This was the first appearance of 62 year-old Roger Waters as a solo artist in Winnipeg and 13 years after the Water-less Pink Floyd played to a huge audience at the football stadium. Waters brought a rather large band with three guitarists, two keyboardists, three back-up singers, as well a drummer and sax player, all of whom wowed 11,000 mostly Pink Floyd fans at the MTS Centre.
This show was even more of a visual spectacle than I expected. The band utilized a gigantic screen that was as wide as the stage and about 30 feet tall to show constant video footage throughout the entire show. Only in one of the songs, however, the solo number "Leaving Beirut," did the screen show any lyrics.The song was introduced as Waters was stuck in Lebanon as a 17 year-old and was taken in for supper and a bed for the night by a very poor but extremely gracious Arab family. The cab driver husband had one leg and the wife appeared to be a hunchback, who gave up her supper for Waters. The experience never left him and he finally wrote a song about it, that, like several of the songs this evening, had an anti-war angle to it.
There was ample shadowy footage of former band member and group founder, Sid Barrett, who died in July, 2006.
There was quite a bit of anti-war imagery, including footage of the new wall being erected in Israel. Waters spray-painted the wall during his last trip to Israel and also played another show in the region, in a town where the Israelis and Palestinians actually get along peacefully.
An inflatable astronaut appeared during "Perfect Sense 1 & 2." In one video sequence, Earth is seen from space and then an open air stadium gets zoomed in on. Instead of two competing teams, however, the stadium playing field was shown as being a deep body of water with a oil rig at one end and submarine approaching at the other end. Gun fire erupted from the platform but it was destroyed in an enormous explosion after being hit by the sub's torpedoes. Not surprisingly, an inflatable pig appeared during "Sheep," with more anti-war and anti-Bush slogans spray painted on.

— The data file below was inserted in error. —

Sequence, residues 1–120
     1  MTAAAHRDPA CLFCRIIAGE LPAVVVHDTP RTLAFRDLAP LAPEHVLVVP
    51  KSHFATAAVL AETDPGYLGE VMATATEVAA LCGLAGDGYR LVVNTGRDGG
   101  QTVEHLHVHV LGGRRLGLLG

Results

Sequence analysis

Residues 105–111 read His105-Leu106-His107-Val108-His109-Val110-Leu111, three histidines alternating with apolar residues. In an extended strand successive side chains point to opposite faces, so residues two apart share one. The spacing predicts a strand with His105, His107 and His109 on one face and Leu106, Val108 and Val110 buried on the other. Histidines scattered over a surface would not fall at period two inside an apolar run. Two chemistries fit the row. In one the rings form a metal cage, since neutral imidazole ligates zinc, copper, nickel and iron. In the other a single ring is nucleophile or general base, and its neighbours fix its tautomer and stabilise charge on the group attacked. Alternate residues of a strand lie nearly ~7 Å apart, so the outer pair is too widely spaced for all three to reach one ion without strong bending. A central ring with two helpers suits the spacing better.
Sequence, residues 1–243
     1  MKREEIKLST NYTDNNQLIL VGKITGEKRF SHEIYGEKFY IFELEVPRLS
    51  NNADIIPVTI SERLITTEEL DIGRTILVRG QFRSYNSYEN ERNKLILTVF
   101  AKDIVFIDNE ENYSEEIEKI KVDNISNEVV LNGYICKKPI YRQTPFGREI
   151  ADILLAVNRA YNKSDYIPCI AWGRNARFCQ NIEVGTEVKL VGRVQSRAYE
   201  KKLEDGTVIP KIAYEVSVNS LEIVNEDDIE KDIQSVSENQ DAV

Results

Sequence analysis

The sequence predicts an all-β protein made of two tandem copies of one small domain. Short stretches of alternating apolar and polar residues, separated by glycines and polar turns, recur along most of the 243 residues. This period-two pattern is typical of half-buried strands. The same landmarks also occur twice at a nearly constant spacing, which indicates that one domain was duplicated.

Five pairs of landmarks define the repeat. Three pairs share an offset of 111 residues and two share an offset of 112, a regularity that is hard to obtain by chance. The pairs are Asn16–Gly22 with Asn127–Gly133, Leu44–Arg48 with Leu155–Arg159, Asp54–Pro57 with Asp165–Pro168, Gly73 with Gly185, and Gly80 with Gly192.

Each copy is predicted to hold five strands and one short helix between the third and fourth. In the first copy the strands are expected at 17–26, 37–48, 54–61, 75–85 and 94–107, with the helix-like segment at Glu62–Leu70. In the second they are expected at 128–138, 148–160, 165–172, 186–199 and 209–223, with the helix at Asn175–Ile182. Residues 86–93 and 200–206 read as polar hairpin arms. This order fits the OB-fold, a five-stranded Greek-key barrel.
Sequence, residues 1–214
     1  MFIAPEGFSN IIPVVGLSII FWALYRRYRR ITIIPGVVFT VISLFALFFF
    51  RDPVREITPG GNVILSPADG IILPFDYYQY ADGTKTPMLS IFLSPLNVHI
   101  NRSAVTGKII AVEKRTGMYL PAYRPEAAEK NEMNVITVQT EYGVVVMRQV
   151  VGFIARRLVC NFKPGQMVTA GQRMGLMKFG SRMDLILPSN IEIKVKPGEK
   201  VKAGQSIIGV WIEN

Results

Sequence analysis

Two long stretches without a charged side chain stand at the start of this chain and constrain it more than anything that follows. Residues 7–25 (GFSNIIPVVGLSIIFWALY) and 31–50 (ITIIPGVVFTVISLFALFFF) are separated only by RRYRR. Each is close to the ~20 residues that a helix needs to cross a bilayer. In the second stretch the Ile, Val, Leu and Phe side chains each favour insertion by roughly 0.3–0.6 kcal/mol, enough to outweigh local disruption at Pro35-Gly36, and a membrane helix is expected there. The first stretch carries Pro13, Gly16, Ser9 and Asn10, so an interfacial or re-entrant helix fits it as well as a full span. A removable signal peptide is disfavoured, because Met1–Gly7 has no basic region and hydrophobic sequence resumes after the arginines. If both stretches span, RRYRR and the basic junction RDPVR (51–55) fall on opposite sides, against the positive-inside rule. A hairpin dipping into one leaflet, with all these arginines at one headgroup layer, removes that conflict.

Waters sang less lead vocals when the band returned after an intermission to play The Darkside of the Moon in its entirety. Guitarist Dave Kilminster occasionally sang lead vocals as did keyboardist Jon Carin. Kilminster was very strong as one of the three lead guitarists, along with Snowy White and Andy Fairweather-Low, who also played bass, once in a while. Fairweather-Low also looked a tad like Elvis Costello, with his balding head and glasses. Unlike the usually scowling David Gilmour, Roger Waters flashed plenty of smiles, confirming that the fans have remembered him and totally appreciate his contributions to music and his human rights interests.
One of the three back-up singers sang lead on "The Great Gig In The Sky," and she wailed away for quite a while and really won the audience over.
The encore tracks included "Another Brick In The Wall, Part 2," which had the audience singing along and the evening's closer, "Comfortably Numb," which is what many no doubt felt as the show concluded.
I'm not sure how they could have improved the show. I could hear some of the people behind me calling for keyboardist Jon Carin to get off the stage when he sang lead vocals on the Darkside material. Sure, there were several more songs the audience would have loved to have heard (I wanted to hear the "pop" hit "Radio Waves" from Radio KAOS, but every good artist leaves them wanting more.